Bolt manufacturing process

Bolt manufacturing process

The bolt manufacturing process consists of three stages:
* Heading
* Thread rolling
* Blackening


This initial process is a cold forging process (called "heading") used to produce a near net shape work billet. An important consideration in heading is the tendency for the bar to buckle if its unsupported length to diameter ratio is too high. This ratio usually is limited to less than 3:1 but with appropriate dies, it can be higher. Therefore, heading is the most likely production method because bolts have a large head-to-shank ratio, they are longer than 1½ times their diameter, bolts have multiple diameters and finally require a geometrical shape (i.e. the rounded head).

Furthermore, this production method is probably used because cold heading has a very high production rate, and produces virtually no waste material. The process works as follows: the bar stock is fed into a machine, called a "former". The bar stock is stopped, and then gripped by a gripping die. The gripping die is shaped in such a way that it forms a carriage along the neck of the stock when its full gripping force is applied. An indented punch, the shape of a rounded head, will then proceed to move forward, colliding with the stock and causing the metal to flow at right angles to the ram force provided by the punch, increasing the diameter of the work billet, and reducing its overall length, thus forming a "rounded" head. The work billet is then sheared to the desired length.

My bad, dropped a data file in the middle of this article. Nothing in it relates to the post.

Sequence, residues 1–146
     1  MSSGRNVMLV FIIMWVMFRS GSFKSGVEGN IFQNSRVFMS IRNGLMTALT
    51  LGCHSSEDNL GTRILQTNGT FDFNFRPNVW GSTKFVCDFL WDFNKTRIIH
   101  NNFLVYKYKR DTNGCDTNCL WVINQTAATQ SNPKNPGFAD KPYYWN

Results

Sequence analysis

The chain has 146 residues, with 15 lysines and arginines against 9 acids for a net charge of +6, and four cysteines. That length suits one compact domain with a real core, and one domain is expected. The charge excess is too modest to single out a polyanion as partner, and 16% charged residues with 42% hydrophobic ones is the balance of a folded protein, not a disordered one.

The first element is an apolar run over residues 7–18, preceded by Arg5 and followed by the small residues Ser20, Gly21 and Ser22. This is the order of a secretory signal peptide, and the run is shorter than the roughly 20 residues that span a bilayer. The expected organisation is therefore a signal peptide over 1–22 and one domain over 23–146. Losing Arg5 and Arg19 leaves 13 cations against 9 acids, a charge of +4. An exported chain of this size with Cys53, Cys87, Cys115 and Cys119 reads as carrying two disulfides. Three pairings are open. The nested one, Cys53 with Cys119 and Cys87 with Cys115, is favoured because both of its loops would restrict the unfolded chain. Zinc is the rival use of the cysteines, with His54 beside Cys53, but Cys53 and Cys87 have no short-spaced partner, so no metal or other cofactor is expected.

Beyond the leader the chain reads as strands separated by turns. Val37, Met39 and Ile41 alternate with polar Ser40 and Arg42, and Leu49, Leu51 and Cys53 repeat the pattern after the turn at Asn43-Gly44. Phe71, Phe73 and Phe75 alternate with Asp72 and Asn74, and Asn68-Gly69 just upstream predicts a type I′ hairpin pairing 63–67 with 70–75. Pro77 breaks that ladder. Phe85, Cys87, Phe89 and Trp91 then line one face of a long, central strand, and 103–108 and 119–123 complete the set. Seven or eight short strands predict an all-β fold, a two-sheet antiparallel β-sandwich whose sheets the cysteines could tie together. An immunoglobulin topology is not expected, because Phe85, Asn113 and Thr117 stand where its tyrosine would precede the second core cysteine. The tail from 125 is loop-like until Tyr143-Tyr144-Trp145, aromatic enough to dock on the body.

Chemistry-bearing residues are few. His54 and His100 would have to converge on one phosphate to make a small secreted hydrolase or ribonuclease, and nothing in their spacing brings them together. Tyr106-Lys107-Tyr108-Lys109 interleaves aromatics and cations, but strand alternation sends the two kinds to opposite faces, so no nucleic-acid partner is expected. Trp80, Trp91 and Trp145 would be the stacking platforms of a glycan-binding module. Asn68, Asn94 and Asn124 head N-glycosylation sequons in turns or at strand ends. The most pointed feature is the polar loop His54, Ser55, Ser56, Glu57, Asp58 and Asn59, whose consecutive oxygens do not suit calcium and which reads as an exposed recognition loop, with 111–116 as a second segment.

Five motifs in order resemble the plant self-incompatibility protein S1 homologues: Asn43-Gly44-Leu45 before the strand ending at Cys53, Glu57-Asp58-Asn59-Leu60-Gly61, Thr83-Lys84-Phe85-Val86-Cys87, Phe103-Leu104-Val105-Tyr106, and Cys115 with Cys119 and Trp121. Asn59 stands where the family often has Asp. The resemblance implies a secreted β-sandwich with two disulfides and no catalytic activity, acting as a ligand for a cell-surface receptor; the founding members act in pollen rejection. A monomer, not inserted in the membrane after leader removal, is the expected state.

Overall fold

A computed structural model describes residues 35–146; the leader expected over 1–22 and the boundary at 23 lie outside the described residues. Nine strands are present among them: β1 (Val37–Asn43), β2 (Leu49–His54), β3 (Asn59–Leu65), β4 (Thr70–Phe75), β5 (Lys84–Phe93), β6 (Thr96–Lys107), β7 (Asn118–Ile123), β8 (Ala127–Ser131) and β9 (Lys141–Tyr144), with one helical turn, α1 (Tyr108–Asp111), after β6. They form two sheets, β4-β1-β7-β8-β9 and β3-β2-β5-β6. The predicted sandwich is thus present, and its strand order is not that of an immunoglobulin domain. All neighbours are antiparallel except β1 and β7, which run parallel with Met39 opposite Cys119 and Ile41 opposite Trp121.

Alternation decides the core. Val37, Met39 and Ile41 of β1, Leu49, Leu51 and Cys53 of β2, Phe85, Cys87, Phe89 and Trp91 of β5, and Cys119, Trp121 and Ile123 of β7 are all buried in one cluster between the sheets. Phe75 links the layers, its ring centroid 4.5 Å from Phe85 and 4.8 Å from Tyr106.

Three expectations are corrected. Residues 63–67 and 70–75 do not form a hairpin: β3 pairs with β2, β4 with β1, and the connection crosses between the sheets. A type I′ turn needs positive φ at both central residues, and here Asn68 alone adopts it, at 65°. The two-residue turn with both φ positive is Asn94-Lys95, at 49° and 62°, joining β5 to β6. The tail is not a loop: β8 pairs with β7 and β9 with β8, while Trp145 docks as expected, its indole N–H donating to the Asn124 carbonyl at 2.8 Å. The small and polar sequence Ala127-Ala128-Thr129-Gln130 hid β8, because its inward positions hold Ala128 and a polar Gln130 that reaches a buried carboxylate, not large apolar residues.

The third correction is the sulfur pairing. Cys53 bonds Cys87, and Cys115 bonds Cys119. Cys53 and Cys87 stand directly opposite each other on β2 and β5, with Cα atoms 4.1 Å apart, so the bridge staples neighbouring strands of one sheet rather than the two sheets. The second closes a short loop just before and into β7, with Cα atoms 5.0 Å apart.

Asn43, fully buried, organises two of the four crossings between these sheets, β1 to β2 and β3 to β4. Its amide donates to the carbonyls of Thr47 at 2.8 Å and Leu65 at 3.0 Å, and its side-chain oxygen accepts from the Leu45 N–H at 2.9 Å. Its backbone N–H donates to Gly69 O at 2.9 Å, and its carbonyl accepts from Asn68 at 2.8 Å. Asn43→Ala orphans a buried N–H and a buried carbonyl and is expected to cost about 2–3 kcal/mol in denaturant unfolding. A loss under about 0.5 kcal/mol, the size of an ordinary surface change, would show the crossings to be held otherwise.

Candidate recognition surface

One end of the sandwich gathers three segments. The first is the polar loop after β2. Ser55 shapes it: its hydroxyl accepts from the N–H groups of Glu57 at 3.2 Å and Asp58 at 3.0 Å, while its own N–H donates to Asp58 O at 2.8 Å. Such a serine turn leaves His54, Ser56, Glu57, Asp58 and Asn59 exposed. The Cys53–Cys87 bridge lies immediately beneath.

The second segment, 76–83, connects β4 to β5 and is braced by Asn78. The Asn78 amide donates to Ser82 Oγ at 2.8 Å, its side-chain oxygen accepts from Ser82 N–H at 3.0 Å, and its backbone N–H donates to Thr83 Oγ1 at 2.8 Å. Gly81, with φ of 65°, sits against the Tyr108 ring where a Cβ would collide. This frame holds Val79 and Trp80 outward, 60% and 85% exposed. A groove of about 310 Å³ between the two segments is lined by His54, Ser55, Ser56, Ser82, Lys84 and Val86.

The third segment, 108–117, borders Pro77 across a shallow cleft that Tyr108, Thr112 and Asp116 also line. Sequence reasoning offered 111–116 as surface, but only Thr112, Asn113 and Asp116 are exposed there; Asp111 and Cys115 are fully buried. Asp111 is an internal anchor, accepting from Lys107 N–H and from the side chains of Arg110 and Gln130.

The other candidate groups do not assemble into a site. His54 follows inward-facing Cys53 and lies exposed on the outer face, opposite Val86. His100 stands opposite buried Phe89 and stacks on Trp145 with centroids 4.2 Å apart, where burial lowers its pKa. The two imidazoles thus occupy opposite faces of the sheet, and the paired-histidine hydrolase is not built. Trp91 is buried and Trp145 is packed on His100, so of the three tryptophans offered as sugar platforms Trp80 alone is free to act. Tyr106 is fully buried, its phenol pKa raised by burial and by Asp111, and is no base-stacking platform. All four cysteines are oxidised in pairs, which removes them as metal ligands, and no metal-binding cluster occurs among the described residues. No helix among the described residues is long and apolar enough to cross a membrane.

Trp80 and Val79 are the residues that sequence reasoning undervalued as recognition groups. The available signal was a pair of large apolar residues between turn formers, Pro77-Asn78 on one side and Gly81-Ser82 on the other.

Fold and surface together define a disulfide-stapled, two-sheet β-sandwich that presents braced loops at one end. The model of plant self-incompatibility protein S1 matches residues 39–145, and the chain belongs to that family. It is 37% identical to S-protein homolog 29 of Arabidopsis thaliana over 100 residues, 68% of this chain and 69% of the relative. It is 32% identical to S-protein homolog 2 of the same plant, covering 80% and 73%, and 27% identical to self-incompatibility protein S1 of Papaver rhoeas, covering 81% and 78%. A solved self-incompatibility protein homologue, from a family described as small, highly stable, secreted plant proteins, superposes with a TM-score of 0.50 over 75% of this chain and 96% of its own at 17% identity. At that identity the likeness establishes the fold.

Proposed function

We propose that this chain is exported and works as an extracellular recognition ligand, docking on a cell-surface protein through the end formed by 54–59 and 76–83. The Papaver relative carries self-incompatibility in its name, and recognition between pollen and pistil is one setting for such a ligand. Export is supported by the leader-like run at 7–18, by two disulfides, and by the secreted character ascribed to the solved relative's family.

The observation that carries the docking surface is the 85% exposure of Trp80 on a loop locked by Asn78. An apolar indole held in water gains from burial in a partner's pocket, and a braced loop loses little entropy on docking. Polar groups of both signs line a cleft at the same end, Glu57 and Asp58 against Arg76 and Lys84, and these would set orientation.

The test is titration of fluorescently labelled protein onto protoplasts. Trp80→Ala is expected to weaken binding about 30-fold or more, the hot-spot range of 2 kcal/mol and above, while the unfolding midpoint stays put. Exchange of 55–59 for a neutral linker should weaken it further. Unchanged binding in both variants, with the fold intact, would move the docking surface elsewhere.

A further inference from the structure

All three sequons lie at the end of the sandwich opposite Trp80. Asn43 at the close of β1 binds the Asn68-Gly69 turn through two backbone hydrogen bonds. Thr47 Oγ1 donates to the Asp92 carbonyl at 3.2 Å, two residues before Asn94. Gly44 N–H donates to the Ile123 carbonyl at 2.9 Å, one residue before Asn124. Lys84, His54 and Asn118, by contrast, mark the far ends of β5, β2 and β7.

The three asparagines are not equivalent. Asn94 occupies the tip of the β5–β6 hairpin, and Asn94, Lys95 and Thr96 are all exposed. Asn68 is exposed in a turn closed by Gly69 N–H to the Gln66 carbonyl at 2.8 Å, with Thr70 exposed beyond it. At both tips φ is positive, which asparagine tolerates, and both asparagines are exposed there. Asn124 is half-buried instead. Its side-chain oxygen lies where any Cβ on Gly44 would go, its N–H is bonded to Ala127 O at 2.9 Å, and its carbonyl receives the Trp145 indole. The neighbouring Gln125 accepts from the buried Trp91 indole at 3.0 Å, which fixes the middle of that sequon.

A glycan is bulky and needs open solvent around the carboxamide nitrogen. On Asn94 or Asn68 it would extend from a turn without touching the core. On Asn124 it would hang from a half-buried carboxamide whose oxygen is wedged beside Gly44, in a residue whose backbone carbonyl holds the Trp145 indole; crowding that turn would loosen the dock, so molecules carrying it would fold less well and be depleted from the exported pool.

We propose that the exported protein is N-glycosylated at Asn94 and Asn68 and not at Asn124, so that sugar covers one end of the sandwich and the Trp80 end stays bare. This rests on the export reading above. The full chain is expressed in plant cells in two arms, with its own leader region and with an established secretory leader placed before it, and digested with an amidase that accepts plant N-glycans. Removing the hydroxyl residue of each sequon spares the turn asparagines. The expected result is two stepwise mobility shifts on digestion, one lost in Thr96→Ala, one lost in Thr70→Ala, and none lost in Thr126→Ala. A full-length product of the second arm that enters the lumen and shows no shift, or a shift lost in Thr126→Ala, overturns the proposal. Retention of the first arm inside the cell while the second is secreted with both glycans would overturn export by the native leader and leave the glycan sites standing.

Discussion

Thread rolling

The next process applied to the bottom of the work billet (the side without the head) is a bulk deformation process known as "thread rolling". This type of cold-forming process is used because cylindrical parts (such as the remaining round part of the bolt) can easily have thread applied by rolling the work billet through two dies. The thread rolling process is usually chosen over machining because thread rolling provides higher production rates, more effective material usage, stronger thread due to work hardening, and finally better fatigue resistance because the work billet undergoes compressive stresses during the rolling process.

Blackening and Galvanization

The final process induced on the now almost complete bolt is the application of an anti-corrosive layer, to stop oxidation. The usual process is called "blackening"; an alternative is galvanization. Either process chemically or physically coats the surface of ferrous metals, creating a strong barrier against humidity and corrosion. There are two types of blackening processes:
* hot blackening
* cold blackening.Hot blackening involves dipping the bolt into six different tanks. The bolt is usually "dipped" by automated part carriers for transportation between tanks. These tanks contain, in order, alkaline cleaner, water, caustic soda at 455.4°C (the blackening compound), and finally the sealant, which is usually oil. The caustic soda bonds chemically to the surface of the metal, creating a porous base layer on the bolt. Oil is then applied to the heated bolt, which seals it by "sinking" into the applied porous layer. It is the oil that prevents the corrosion of the bolt. There are many advantages of blackening, mainly:
* blackening can be done in large batches (ideal for small bolts)
* zero dimension impact (the blacking process creates a layer about a micrometre thick)
* it is far cheaper than similar corrosion protection systems, such as paint and electroplatingNevertheless, for attractiveness and superior corrosion resistance galvanization may be used. This incurs an additional cost but may extend the life of bolts deployed outdoors considerably.



Work-holding fixtures

During the "heading" process, the steel bar stock is gripped by gripping dies. In thread rolling, the work billet is held by thread dies. Finally, for the blackening process the bolt is held by automated part carriers.


*Manufacturing Technology (C) Dr Malcolm Taylor February 2005, University of Canterbury press
*Feature - Do-It-Yourself Cold Blackening-

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